Contributed By CHSH Cerha Hempel Spiegelfeld Hlawati
The shareholder structure of Austrian listed companies is typically composed of one or a few core shareholders holding large share packages, whereas the percentage of free float shares is sometimes rather limited. Therefore, it is not uncommon to approach a core shareholder first – if it makes sense strategically – and to privately negotiate and seek an irrevocable commitment by the shareholder to sell these shares before launching a public offer. There are good arguments supporting the validity of such commitments even with a view of a public tender process and it might also be argued (although some grey area exists) that such irrevocable commitment, if already made prior to the launch of a public tender offer, should also remain binding in the case of a competing offer.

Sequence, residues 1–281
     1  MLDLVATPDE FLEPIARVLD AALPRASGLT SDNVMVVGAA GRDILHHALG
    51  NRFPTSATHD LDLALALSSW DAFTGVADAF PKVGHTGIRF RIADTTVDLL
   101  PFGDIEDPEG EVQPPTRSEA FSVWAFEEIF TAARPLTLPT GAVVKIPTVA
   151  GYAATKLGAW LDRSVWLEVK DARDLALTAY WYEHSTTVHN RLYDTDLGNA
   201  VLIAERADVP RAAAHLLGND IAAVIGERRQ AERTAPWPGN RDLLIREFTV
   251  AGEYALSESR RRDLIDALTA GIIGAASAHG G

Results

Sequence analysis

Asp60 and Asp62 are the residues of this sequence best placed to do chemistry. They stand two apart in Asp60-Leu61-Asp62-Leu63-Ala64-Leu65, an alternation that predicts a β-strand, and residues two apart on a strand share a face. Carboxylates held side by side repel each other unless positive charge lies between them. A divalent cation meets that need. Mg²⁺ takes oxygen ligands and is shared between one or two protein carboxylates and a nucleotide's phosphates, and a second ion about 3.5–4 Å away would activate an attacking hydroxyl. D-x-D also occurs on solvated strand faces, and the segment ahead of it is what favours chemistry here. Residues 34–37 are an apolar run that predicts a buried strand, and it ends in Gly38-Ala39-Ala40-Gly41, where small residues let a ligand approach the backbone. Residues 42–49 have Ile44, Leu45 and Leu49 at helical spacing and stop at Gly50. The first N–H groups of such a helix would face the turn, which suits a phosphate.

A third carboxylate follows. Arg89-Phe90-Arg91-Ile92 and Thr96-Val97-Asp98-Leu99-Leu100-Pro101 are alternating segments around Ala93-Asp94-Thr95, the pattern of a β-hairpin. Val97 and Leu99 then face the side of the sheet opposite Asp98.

Contractual provisions providing a way out for the principal shareholder before a tender process is rather unusual, although such a clause would appear to be legally permissible. Within a tender process, the Takeover Act gives shareholders who have already accepted a public tender offer the mandatory right to withdraw their acceptance in the event that a competing tender offer is launched (but a contractual right of exit will make sense for those commitments which, as outlined above, would otherwise arguably remain binding in a subsequent tender process).